Local Perspective Case Study: Responding to Gun Violence
It Takes a Village: Gun & Gang Violence Conference
Assemblymember Mike A. Gipson, 64th District
In California, there were 2,202 homicide in 2020 – a jump of more than 30% from the prior year and representing 5.5 for each 100,000 residents. The levels of homicides in 2020 varied by county with five having no homicides and two having at least 10 per 100,000 residents. Los Angeles, the state's most populated county, had a rate of 6.7 homicides per 100,000 with its 677 homicides accounting for about 31% of the state's total.
In response to the shootings and killings in L.A. County's Assembly District 64, Assemblymember Mike A. Gipson convened a conference called "It Takes a Village: Addressing Gun and Gang Violence." The two-day event in April 2022 brought together elected officials, community leaders, law enforcement and gang interventionists to discuss, in five breakout sessions, ideas for addressing violence.
This paper provides a summary of the themes and ideas raised by these community members and describes research-based community interventions to reduce gun and gang violence.
Homicides in California and in District 64
According to the California Department of Justice, homicides in the state increased 31.1% from 2019 to 2020. Key information about homicides in California in 2020 include:
- 82.5% of victims were male and 17.5% were female
- When the victims' race/ethnicity was known, 45.3% were Hispanic, 30.7% were Black, 16.4% were white, and 7.5% were of other race/ethnic groups.
- Those ages 18-29 represented the largest proportion of Hispanic and Black victims while a greater portion of white victims tended to be older.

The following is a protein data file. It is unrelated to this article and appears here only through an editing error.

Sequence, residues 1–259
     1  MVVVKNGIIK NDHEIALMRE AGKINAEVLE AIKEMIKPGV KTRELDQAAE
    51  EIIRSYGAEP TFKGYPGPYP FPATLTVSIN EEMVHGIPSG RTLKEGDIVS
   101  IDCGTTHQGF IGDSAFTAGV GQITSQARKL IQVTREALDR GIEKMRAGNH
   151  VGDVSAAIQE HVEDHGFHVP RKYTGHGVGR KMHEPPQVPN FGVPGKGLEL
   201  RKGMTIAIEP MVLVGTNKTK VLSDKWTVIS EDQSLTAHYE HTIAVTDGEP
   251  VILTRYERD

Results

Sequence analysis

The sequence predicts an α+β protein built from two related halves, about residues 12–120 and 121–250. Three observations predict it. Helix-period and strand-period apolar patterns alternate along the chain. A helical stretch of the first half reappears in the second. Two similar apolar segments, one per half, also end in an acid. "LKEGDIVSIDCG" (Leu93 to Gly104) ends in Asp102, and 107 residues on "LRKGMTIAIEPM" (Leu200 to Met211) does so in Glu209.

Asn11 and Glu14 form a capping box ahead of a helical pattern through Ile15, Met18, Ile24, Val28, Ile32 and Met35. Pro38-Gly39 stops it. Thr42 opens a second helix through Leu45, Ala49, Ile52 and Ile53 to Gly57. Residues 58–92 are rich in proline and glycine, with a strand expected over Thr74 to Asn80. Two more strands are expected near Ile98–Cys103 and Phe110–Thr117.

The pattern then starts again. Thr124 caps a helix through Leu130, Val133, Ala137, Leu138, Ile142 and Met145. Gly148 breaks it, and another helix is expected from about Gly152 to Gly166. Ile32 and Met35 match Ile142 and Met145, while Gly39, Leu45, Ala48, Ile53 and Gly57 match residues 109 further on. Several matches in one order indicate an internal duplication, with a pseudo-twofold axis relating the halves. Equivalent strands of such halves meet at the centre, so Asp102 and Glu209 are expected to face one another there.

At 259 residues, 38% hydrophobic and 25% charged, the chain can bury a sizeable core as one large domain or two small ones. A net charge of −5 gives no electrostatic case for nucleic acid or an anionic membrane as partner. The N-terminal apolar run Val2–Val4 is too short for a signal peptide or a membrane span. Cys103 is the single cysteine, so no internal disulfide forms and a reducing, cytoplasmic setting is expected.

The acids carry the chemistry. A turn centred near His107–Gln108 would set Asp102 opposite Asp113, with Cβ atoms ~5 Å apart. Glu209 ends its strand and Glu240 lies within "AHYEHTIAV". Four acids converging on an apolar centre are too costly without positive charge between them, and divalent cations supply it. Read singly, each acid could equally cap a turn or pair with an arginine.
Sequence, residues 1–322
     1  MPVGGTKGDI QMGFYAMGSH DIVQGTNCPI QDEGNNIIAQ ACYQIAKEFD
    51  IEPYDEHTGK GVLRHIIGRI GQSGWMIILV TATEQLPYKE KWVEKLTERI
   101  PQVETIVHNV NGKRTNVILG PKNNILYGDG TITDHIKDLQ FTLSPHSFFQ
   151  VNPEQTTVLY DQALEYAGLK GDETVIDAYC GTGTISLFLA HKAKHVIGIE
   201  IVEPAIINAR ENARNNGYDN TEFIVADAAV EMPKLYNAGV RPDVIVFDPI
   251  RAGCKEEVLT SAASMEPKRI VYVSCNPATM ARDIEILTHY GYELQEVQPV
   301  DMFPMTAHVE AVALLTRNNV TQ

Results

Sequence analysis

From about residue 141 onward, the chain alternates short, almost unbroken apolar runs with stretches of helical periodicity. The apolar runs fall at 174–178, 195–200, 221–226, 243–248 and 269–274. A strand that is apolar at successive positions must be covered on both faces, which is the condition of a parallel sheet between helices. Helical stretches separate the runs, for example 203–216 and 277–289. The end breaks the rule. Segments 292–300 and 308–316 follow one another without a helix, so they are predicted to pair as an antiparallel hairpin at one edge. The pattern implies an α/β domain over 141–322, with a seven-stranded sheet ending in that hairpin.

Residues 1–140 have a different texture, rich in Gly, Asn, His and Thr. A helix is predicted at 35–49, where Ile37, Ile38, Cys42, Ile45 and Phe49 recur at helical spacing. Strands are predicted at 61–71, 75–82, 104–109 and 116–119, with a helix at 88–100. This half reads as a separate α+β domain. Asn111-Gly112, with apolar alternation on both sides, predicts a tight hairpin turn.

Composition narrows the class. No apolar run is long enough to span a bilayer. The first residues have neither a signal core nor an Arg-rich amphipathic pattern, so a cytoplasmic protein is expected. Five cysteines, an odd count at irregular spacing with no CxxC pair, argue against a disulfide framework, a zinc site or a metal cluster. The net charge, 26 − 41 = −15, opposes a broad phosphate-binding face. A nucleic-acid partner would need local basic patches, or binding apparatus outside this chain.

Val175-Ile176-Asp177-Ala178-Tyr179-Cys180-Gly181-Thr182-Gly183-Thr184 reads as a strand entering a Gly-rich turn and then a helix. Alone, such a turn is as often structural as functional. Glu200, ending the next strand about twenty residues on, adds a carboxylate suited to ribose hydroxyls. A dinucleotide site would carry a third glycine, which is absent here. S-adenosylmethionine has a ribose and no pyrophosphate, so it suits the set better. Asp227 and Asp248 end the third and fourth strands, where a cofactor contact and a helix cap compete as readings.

- Firearms were used in about 74% of the killings in which a weapon was identified.
- When contributing circumstances were known, homicides were a result of an unspecified argument, 34.2%; gang-related activity, 28.2%; in connection with a rape, robbery, or burglary, 8.5%; and domestic violence, 6.7%
Assembly District 64 in L.A. County includes the larger cities of Compton and Carson as well as portions of South Los Angeles and South Bay. Compton, a city with about 96,100 residents, averaged nearly 23 homicides per year from 2011 to 2020. Carson, which has about 93,900 residents averaged nearly seven homicides during the same period. By contrast, Santa Monica, a city outside of the district but also in L.A. County, with a population of about 93,300 averaged nearly three homicides per year. The following graph compares the cities of Compton and Carson, with the two L.A. County cities (Santa Monica and Norwalk) located outside of the district with the most similar-sized population.
It Takes a Village: Community Perspective
Participants in the two-day, April 2022 event shared various perspectives and ideas to address gun violence and homicides in the community. Asm. Gipson shared his frustration with the situation and explained that gun violence impacts everyone in the community. "I am tired of going to funerals," he said. "I am tired of burying our potential."
Community activist Rafael Cuevas stressed the need for a community-based approach to address violence. "The solution is each person in the vicinity caring enough to really engage these young people, to really meet them and know them, and for them to feel loved and received and that will change their lives," he said.
Several key themes and ideas arose. The following analysis, based on detailed notes from Asm. Gipson's staff, summarizes the types of comments and provides examples for each category. These 68 comments included:
- A need for a plan and to take action, 28%
- Specific approaches and ideas, 22%
- Systemic issues and barriers, 16%
- Address mental health and trauma, 15%
- Empower and invest in people and education, 12%
- Governance and structural issues, 7%
The most prevalent comments and the number of instances shown below called for action, shared specific ideas, and sought to address systemic barriers.
Examples of Participants' Comments by Category
Need for a plan and to take action:
- Community driven approach
- Need for a clear plan or roadmap
- Intervention as a part of the system and reimagining it
- Taking responsibility of the village, with strategic hyper-targeted outreach and services
- Building a pipeline to give the youth a structured process to make it